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Giving like Poor Radical Widows

By Anthony Baker

This fall, Sowing Holy Question will explore questions of stewardship, reflecting theologically on practical decisions about money, possessions, ecology and our connection to God’s creation.

Jesus’s teachings on money can be a little embarrassing.  Often it comes in the form of direct address, and this from the master of indirect communication and one-off parable.  It’s a bit like T. S. Eliot looking you in the eye and saying, “Forget about Prufrock for a moment.  Let me tell you what I really think of dinner parties.” 

Take the rich young ruler, or the widow and her coppers, for example. There is no fictional scenario from which Jesus teaches his disciples, but an event that they experience.  A rich man comes to Jesus for advice, and Jesus prescribes a fire sale.  A poor widow stands in line with the Jews of means at the Temple treasury so she can put in her last penny.  “Truly I tell you,” Jesus says, “she has put in more than they.  Out of their abundance they have given some; but out of her poverty she has given all.”  No one needs to pull Jesus aside and ask for translation, his blessing is reserved for the one who gives all. 

The tendency in churches, I suspect, is to take Mark 10:17-22 and 12:41-44 as bits of messianic hyperbole, and then go back to asking people to give some. The entire structure of tithes and pledges is based on this logic.  Figure up, per household, how much you can afford to give.  Commit to that portion for a year.  Approach ten percent as a goal, a mark achieved only through careful planning and years of habitual giving.  This is a good “some.” But then there is the widow.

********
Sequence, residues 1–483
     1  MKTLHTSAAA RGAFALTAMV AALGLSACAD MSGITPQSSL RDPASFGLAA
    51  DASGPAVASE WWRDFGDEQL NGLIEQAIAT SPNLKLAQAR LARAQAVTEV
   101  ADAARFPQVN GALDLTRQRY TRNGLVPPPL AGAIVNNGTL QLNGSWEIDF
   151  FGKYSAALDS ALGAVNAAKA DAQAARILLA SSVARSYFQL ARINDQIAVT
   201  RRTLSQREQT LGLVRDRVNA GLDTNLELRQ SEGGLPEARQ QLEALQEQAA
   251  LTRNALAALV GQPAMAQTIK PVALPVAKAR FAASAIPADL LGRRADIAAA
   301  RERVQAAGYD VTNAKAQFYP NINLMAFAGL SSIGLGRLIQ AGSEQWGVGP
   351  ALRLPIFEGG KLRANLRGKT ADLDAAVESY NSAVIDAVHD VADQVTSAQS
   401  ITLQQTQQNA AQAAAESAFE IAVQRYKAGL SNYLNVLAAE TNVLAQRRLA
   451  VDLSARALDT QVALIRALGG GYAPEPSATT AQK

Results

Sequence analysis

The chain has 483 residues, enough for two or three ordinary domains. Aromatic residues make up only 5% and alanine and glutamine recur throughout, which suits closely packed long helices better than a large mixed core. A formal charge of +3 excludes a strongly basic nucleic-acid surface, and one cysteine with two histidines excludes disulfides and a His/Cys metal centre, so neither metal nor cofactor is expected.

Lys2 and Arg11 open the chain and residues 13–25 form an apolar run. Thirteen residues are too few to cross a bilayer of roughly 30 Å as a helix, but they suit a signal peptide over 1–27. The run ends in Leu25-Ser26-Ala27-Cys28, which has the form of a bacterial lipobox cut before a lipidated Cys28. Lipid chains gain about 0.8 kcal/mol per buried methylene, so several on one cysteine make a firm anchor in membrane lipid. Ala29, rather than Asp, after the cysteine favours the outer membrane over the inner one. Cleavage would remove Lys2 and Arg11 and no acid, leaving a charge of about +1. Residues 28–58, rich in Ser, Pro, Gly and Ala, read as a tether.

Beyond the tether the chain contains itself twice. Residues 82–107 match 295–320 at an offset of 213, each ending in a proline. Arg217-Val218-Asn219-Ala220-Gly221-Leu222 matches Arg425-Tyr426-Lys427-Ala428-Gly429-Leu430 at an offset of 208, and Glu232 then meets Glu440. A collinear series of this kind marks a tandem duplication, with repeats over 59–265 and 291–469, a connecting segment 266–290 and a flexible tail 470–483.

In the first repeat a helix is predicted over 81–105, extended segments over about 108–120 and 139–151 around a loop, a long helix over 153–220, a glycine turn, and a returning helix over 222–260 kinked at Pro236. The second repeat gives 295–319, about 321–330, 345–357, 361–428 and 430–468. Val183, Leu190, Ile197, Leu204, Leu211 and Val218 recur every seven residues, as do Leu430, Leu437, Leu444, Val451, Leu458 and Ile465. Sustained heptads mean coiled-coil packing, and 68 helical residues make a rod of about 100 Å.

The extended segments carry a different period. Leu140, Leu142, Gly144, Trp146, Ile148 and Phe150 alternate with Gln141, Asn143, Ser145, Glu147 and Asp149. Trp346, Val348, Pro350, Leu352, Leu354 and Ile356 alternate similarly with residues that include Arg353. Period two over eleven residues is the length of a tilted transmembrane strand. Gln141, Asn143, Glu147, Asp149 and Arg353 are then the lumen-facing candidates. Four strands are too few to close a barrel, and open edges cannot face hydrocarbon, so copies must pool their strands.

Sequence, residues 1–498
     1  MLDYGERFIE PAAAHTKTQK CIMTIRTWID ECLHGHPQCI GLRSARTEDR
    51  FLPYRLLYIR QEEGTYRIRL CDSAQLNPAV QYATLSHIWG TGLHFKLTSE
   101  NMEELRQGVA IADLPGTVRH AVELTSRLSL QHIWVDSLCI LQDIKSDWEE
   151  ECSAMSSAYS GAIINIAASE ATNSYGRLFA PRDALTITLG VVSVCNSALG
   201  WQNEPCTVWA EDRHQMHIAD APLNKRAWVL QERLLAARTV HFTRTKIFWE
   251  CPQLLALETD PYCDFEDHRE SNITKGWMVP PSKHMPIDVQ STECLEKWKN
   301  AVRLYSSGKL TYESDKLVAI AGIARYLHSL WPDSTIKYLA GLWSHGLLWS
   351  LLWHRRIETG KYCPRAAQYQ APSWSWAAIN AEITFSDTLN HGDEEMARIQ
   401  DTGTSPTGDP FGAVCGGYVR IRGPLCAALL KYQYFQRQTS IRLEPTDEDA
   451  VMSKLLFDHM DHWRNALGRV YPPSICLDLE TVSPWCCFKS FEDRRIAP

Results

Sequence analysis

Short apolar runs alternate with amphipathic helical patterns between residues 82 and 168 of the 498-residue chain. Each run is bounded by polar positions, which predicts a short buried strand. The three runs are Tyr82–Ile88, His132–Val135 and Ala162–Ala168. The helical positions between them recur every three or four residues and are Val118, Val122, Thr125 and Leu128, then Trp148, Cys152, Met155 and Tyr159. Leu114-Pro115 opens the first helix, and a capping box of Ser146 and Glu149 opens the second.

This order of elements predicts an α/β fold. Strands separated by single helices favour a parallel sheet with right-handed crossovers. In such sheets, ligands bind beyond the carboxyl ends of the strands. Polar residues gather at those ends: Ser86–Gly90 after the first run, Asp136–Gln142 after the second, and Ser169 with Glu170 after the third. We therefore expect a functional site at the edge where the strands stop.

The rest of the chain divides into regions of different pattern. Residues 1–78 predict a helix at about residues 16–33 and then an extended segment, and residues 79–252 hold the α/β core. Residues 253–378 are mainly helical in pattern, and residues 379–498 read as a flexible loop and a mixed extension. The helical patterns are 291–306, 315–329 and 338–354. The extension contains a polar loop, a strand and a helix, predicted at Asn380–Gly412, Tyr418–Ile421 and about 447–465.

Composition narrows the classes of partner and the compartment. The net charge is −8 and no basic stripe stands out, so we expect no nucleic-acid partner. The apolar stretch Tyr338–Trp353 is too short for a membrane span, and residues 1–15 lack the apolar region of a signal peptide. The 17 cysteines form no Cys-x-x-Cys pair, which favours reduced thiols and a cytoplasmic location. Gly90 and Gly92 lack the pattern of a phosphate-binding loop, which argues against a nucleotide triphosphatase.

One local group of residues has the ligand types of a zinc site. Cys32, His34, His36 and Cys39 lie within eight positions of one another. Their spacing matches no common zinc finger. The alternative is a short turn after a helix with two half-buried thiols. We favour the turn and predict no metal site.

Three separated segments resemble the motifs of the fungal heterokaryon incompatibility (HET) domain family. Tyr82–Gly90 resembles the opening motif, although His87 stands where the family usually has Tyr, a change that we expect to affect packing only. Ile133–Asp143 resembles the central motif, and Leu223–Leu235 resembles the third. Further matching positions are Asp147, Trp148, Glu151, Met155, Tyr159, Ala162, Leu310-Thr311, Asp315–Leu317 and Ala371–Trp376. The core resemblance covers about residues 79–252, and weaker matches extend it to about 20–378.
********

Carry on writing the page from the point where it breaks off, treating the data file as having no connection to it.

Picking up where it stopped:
21st century capitalism is especially ill-suited to deal with the widow’s mite problem.  The idea of emptying our pockets is especially offensive in an economy based on an appetite for limitless possibility.  As my colleague Scott Bader-Saye puts it in a piece reflecting on the bank crisis of 2009, “The problem is not that we want too many material things; it’s that we want the possibility of all material things without having to actualize any of them.”   For to the extent that we actualize—say, buy a home or an education, or give money to our children or to a charity—we decrease potential.   Spent money no longer stands as a symbol of infinite potential; it has become a finite actuality.  Of course, things are still purchased, and in North Atlantic world quite a lot of things.  The zero-sum game of actuality and potential is dealt with, in this case, by increasing our potential to spend money we don’t have.  I spent this months’ income on rent and groceries, but I can buy an iPhone or a car on credit.  Credit cards are little bits of plastic infinity in our wallets, potencies that can never, or at least seem like they can never, be exhausted into the finitude of a material existence.  If money is infinite, it is impossible to give all.